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`AQIDAH. The Islamic creed (`aqidah) as found in the Qur’an is quite simple: the so-called five articles of faith-belief in God, angels, prophets, scriptures, and the Last Day-sum up that creed, and it was only later that more detailed formulations began to appear. Three of the five articles-the first, third, and fifth-are the principal articles; the second (belief in angels as the servants and worshipers of God) is a corrective to the preIslamic view of angels as daughters of God, and the fourth (belief in scriptures) is an important supplement to the third. Thus modern as well as classical scholars frequently maintain that the triad of God-ProphetJudgment Day constitutes the essential belief system of Islam.

The origin of the more elaborate statements of `aqidah is to be sought in the polemical environment of the period beginning within half a century of Muhammad’s death. The polemics were both internal and external. Internally, certain theological and political developments led scholars to produce creeds that were meant to refute allegedly heterodox doctrines. The insistence of the Kharijis that one guilty of a grave sin ceases to be a Muslim was predicated on the view that faith and works are inseparably linked, and that one who commits a gross violation of Islam dissolves that link. The reaction, in the form of Murji’ism, based itself on the view that it is faith that is crucial to salvation. The SunniShi`i conflict was also reflected in the creeds. The Shfis proposed the notion of imamate by designation (the view that the head of the Muslim community after the Prophet’s death was designated by God, the community having no right to elect one), and the Sunnis responded by laying it down that the imam was to be elected by the community, and that the historical order of the caliphates of Abu Bakr, `Umar, `Uthman, and `Ali was in fact the right order. The debate between the Mu’tazilah and the Asha’irah led to further additions to the doctrine. The Mu`tazilah, although not a homogenous group holding a common set of doctrines, generally denied that the eternity of the attributes of God could be distinguished from the being of God; they argued in favor of strict divine justice; they insisted on the createdness of the Qur’an on the grounds that the Qur’an was a manifestation of the divine attribute of speech, which was noneternal; and they maintained that humans possess the freedom of the will. The Asha’irah, so named for their chief spokesman, Abu al-Hasan alAsh`ari (d. 941 or 945), opposed the Mu’tazilah on all these counts. A synthesis of the Mu`tazili and Ash’ari positions was attempted by al-Maturidi (d. 944) of Central Asia.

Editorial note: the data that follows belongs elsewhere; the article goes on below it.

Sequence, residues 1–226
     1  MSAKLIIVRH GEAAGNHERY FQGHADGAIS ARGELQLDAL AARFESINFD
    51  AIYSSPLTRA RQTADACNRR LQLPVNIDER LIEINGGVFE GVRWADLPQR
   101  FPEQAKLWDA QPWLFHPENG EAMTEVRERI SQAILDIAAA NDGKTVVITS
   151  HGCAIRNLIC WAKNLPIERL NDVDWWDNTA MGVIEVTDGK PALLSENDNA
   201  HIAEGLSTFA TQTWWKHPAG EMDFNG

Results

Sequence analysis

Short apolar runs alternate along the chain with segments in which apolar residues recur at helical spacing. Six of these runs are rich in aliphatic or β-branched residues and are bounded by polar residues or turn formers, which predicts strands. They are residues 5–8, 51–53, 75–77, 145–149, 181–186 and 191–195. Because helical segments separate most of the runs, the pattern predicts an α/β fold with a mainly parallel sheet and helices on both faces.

External factors also influenced the content and language of the creeds. The need to respond to Greek philosophic thought led Muslim dogmatists to adapt their arguments using the categories and terms of a foreign thought-system. The confrontation with Christian theology led them to explain their positions with reference to such doctrines as Trinitarianism.

Abu Hanifah’s Al filth al-akbar I is taken to be the first formal statement of the Islamic creed, and in it he tries to rebut what he regarded as deviations from standard Islamic dogma. For example, the very first clause says that commission of a grave sin does not make one an unbeliever-an obvious attack on the Khariji position. More detailed and also more complex treatments are to be found in the works of al-Ash’ari, al-Bagillani, al-Juwayni, and al-Ghazali.

Three points should be kept in mind about the discussions of `agidah in the early centuries. First, the discussions represented the attempts of Muslim scholars to come to terms with their past religious, political, and intellectual history. This was especially true in the case of formulas used about the distinguished companions of the Prophet, their status relative to one another, and the disagreements (which later led to wars) that occurred among them beginning in the latter half of `Uthman’s caliphate. Second, the issues raised had not only an abstract, theoretical character but also practical and ethical dimensions. For example, the question of the relationship between faith and works had a direct bearing on religious conduct and attitudes, for if faith is sufficient for salvation, then the importance of deeds is diminished. Again, if salvation depends on faith, then it becomes unlawful-or at least difficult-to revolt against an oppressive ruler, for oppression, one could argue, does not greatly hurt the ruler’s standing as a Muslim. Third, if there was an eagerness to state clearly and effectively the correct dogma, there also was a tendency, especially in statements about God, to use the “negative approach.” Thus on the issue of whether God has a face and hands, as the Qur’an says he does, the majority view (while accepting the Qur’anic statements at their face value) insisted that this belief must be held “without asking how” (bi-ld kayfa).